Wednesday on Clear Creek was not what I expected. I was still fairly elated over my thirteen fish day on the North Fork of the St. Vrain on Friday, March 3, and I was certain that the return of milder March temperatures on March 8 would provoke some decent fishing on Clear Creek. Unfortunately I failed to account for the fact that the North Fork of the St. Vrain is a tailwater; whereas, Clear Creek is a freestone stream. In addition Clear Creek flows through a narrow canyon, and thus the ice and snow do not absorb as much direct sunlight.

From a weather standpoint it was quite nice with the temperature hovering around sixty degrees, as I geared up to fish at 11:30 on Wednesday. I felt infrequent gusts of wind at my perch along route 6, but I sensed that I could manage the hindrance by taking advantage of the long lulls in between. A flagman was halting traffic just beyond the next bend causing a backup, so I used the stoppage to execute a quick U-turn, and I parked facing east on the other side of the highway just below some construction equipment. The area next to the pullout was largely bathed in sunlight, and the stream segment was near the area I targeted. The section of the stream I planned to fish was the closest to Golden of any of my previous Clear Creek ventures.

Ice Shelves Remain

Since it was approaching noon I decided to quickly consume my lunch by the car rather than add weight to my backpack. Upon the completion of my lunch, I grabbed my Loomis five weight and scrambled down the steep rocky bank to the edge of the stream. The water was crystal clear, and it flowed along at a desirable pace of 28 CFS. I followed my recent practice and tied on a yellow fat Albert, ultra zug bug and beadhead hares ear and began prospecting the normal attractive spots. Based on past experience I focused much of my casting on deep slow moving pockets and shelf pools along the banks. Unfortunately the normal productive locations failed to be hot spots.

Beadhead Hares Ear

I fished for 1.5 hours with only a look or two, when I finally induced a small brown trout to grab the hares ear, as the trio of flies arced into a downstream swing away from a narrow slow moving trough along the far bank. Just prior to this dose of good fortune I swapped the fat Albert for a size 10 Chernobyl ant, although this probably had nothing to do with my success. I did experience a momentary hook up on the Chernobyl a few minutes before landing the small brown trout on the hares ear.

Nice Pool Near the Car

I was frustrated by the lack of action, and I pondered the possible reasons. In my mind I enumerated stream location, choice of lies, and cold water temperature from the low level snow melt as possible prohibitive factors. In an attempt to change one of the variables, I returned to the car and drove west until I reached mile marker 264.0 just beyond Tunnel 3. This area was in partial sunlight, but it contained quite a few ice shelves perhaps attributable to the narrow character of the canyon. In spite of the larger quantity of ice, I found some nice open water pools and resumed my quest for trout.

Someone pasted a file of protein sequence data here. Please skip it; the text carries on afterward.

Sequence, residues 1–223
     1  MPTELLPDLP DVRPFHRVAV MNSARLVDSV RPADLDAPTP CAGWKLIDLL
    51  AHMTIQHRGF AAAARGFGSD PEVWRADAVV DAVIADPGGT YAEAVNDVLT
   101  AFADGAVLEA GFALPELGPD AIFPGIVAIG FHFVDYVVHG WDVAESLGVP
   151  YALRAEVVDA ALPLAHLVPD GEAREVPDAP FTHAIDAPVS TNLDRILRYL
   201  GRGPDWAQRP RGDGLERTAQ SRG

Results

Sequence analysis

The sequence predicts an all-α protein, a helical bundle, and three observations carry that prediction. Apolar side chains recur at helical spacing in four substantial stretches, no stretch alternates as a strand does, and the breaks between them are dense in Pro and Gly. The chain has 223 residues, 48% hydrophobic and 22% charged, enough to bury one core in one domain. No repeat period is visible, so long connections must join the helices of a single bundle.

The fishing in this area was equally as slow as the water closer to Golden, and quite a few icebergs passed by as I worked upstream. Finally at 2:45 I lobbed a cast to a nice slow moving pool, and as I lifted to make another cast next to a boulder, a small brown trout attacked the hares ear. This landed fish was a bonus, as I was resigned to only one fish. I continued for another 15 minutes with renewed enthusiasm, but an attractive stretch of water did not produce, so I called it a day at 3PM and returned to Stapleton.

Number 2

I arrived with high expectations after two fun days on the North Fork of the St. Vrain, but I learned that all streams are not equal, and each possesses unique characteristics. The abundance of ice shelves and small icebergs were clues that spring has not advanced in Clear Creek to the extent that it has in other front range drainages. Nonetheless I persisted and landed a couple small trout, and I enjoyed a mild late winter outing close to home.

Fish Landed: 2

Clear Creek – 02/20/2017

Time: 11:30AM – 2:00PM

Location: Mayhem Gulch area and then downstream from trail construction

Clear Creek 02/20/2017 Photo Album

Faced with high temperatures in the mid-60’s in Denver, CO, and basking in the accomplishment of landing my first fish of the year on February 17 in Clear Creek Canyon, I decided to venture forth on another February fishing trip. Of course being saddled with an injured knee that prevents me from skiing was another factor edging me toward the stream rather than the slopes.

Starting Point

Jane accompanied me on another quick visit to Clear Creek, and we arrived at the parking lot at Mayhem Gulch at 10:45. Jane decided to hike the Centennial Cone Trail, while I prepared to explore Clear Creek upstream from the Peak to Plains Trail bridge. The temperature was 48 degrees as I prepared to fish, and occasional strong gusts of wind swept down the canyon, so I elected to wear my Adidas pullover in addition to my fleece layer for the morning session.

First Fish on Presidents’ Day